Remote sensing-based biomass estimation of dry deciduous tropical forest using machine learning and ensemble analysis
Forests play a vital role in maintaining the global carbon balance. However, globally, forest ecosystems are increasingly threatened by climate change and deforestation in recent years. Monitoring forests, specifically forest biomass is essential for tracking changes in carbon stocks and the global carbon cycle. However, developing countries lack the capacity to actively monitor forest carbon stocks, which ultimately adds uncertainties in estimating country specific contribution to the global carbon emissions. In India, authorities use field-based measurements to estimate biomass, which becomes unfeasible to implement at finer scales due to higher costs.
To address this, the present study proposed a framework to monitor above-ground biomass (AGB) at finer scales using open-source satellite data. The framework integrated four machine learning (ML) techniques with field surveys and satellite data to provide continuous spatial estimates of AGB at finer resolution. The application of this framework is exemplified as a case study for a dry deciduous tropical forest in India. The results revealed that for wet season Sentinel-2 satellite data, the Random Forest (adjusted R2 = 0.91) and Artificial Neural Network (adjusted R2 = 0.77) ML models were better-suited for estimating AGB in the study area. For dry season satellite data, all the ML models failed to estimate AGB adequately (adjusted R2 between −0.05 – 0.43). Ensemble analysis of ML predictions not only made the results more reliable, but also quantified spatial uncertainty in the predictions as a metric to identify its robustness.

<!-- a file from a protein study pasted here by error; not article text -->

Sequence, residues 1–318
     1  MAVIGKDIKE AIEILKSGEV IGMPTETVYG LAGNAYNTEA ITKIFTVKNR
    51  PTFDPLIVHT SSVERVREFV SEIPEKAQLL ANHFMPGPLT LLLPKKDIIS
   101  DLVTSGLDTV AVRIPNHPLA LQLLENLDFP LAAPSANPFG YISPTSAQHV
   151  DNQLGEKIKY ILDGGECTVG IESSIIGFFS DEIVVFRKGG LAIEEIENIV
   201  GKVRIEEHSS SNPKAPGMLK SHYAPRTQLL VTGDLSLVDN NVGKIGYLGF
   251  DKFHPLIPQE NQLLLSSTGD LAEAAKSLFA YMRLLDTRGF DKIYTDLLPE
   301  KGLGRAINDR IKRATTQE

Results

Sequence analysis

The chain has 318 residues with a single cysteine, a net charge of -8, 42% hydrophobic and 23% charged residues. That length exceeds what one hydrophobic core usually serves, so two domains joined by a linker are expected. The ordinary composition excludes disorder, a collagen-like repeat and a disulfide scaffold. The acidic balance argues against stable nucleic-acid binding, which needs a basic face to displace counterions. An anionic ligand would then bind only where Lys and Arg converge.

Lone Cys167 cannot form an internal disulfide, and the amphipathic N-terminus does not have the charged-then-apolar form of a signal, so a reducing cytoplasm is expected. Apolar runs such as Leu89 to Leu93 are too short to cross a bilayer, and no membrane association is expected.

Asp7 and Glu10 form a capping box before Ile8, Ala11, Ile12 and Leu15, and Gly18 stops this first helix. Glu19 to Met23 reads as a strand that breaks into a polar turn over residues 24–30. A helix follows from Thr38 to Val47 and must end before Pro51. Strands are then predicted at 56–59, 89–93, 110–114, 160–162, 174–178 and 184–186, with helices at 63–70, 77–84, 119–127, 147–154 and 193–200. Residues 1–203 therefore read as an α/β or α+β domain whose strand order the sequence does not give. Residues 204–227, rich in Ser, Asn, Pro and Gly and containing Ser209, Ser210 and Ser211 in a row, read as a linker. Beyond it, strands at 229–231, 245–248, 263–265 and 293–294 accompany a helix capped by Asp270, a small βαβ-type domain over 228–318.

Research news | 2023-10-03
Combining modeling and empirical research can give better sustainability insights
Mixing empirical methods and modeling can provide better insights into cause-effect relationships in sustainability, and improve governance
General news | 2023-09-19
New Google.org grant funds Centre research on AI-powered climate risk tool
Google.org has awarded five million US dollars to a group of scientists, including Centre researchers, to develop and scale ClimateIQ , an artificial intelligence-powered climate risk evaluation tool for cities
General news | 2023-09-19
Researchers and chefs team up for a sustainable lunch week
“Risotto on Swedish oat-rice, with apple cider vinegar, blue mussels from Bohuslän, parsley, and grated Svecia cheese”. That’s one of the science-cooked dishes that guests can enjoy at “A Planetary Lunch” — an experimental lunch week at Stockholm university
Research news | 2023-09-14
The SDGs are not on track — new report outlines what needs to happen
Humanity is set to miss the Sustainable Development Goals. But decisive and timely policy actions can kickstart extraordinary turnarounds and a giant leap toward achieving the SDGs
Research news | 2023-09-13
All planetary boundaries mapped out for the first time, six of nine crossed
For the first time, an international team of scientists is able to provide a detailed outline of planetary resilience by mapping out all nine boundary processes that define a safe operating space for humanity.
General news | 2023-09-04
Centre secures 28 MSEK research funding in two new Formas grants
The two grants worth 14 million SEK each will focus on the intersection of climate, water and biodiversity